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IN RE: Jean L. CHESTER, on Habeas Corpus.
Jean L. Chester, an inmate of the California Medical Facility, Vacaville, petitioned for a writ of habeas corpus. We issued an order to show cause and appointed a referee to take evidence and make findings on these questions: (1) Was petitioner advised of his right to counsel at the preliminary examination? (2) Did he intelligently waive his right to counsel at the time of the preliminary hearing when he knew, or should have known, of his right thereto? (3) Was petitioner advised of his right to counsel and to have counsel appointed for him in the proceedings in the superior court? (4) Did he intelligently waive his right to counsel in the superior court when he knew, or should have known, of his right thereto?
The referee found (1) that petitioner was not advised of his right to counsel at the preliminary hearing held on June 18, 1947, but that he was fully advised of such right at his arraignment in the justice court on May 28, 1947; (2) that petitioner waived his right to counsel at the time of his arraignment when he knew, or should have known, of his right thereto; (3) that petitioner was advised as to his right to have counsel appointed to represent him when he was arraigned in the superior court; and (4) that petitioner waived his right to counsel when he knew, or should have known, of his right thereto.
We are thus presented with this question: Does the record disclose (a) that petitioner was advised of his right to have counsel appointed to represent him when he was arraigned in the superior court and (b) that he waived his right to counsel at the time of his arraignment when he knew, or should have known, of his right thereto?
Yes. These rules are here applicable: (1) In a habeas corpus proceeding, after judgment, based on an alleged denial of the right to counsel, the court record of the proceedings on arraignment creates a presumption of verity. (In re Connor, 16 Cal.2d 701, 707 et seq., 108 P.2d 10.* (2) The provisions for arraignment at the preliminary examination are in integral part of such examination. (Pen.Code, s 858 et seq.; In re Tedford, 31 Cal.2d 693, 192 P.2d 3.)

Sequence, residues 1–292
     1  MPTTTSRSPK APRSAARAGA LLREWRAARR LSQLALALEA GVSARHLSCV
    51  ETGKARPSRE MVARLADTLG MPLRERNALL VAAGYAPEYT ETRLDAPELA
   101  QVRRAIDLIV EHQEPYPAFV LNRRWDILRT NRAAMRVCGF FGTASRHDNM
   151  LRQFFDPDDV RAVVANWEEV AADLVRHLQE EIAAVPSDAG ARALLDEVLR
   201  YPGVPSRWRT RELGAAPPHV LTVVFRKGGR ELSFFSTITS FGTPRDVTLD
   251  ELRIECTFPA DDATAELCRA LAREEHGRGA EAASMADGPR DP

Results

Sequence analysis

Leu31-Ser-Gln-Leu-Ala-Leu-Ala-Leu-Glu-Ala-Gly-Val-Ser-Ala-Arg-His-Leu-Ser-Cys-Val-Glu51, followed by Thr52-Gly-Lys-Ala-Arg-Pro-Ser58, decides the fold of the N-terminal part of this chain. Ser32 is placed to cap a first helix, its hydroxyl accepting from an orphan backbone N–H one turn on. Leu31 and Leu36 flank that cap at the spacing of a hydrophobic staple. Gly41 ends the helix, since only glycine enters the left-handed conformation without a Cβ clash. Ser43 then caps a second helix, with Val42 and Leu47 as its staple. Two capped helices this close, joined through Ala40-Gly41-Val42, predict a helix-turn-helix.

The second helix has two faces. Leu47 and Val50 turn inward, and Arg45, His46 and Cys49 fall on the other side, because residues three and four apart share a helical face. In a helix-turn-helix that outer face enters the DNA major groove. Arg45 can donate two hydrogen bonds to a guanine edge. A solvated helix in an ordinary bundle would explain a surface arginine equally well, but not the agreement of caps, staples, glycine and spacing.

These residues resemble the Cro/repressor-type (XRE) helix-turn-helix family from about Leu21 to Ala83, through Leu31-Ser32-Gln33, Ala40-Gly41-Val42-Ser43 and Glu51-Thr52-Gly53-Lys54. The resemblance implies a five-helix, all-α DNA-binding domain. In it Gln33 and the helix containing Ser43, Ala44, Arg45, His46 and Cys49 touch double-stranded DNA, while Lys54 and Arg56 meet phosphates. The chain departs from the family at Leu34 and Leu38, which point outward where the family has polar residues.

In the present case, the minute entry on the docket of the magistrate's court where petitioner was arraigned on May 28, 1947, reads as follows: ‘Defendant duly arraigned, being by the Court informed of all his legal rights including * * * his right to counsel at all stages of the proceedings. * * *’
In addition to the presumption that petitioner was informed of his legal right to counsel at all stages of the proceedings, the referee had before him the testimony of Judge Brusatori, who testified in response to a question as to whether he informed defendants of their right to counsel, ‘* * * Then I would advise them it was their right to be represented by counsel at all stages.’ He further testified that he did not inform petitioner of his right to counsel at the preliminary hearing on June 16, 1947, since petitioner had already been informed at the arraignment.
In addition, petitioner himself admitted that he was informed at the arraignment of such right. The question and petitioner's answer were as follows: ‘Q. What, if anything, was said to you in regard to an attorney to defend you? A. He said I had the right to hire an attorney.’
Also, with respect to the preliminary hearing, petitioner testified as follows: ‘Q. Would you tell the court what was said at that preliminary hearing? A. In what manner? Q. Just in regard to an attorney. A. He said that he saw I was in court without a lawyer, and that if I wanted was willing to go ahead on it, and I said, yes, sir, I was.’
Petitioner further testified that he knew he had a right to an attorney at the superior court hearing. The following question asked petitioner and his answer thereto, relative to the superior court hearing, appear in the record: ‘Q. Did you know at that time that you had the right to an attorney? A. I knew that I could hire an attorney, yes, sir.’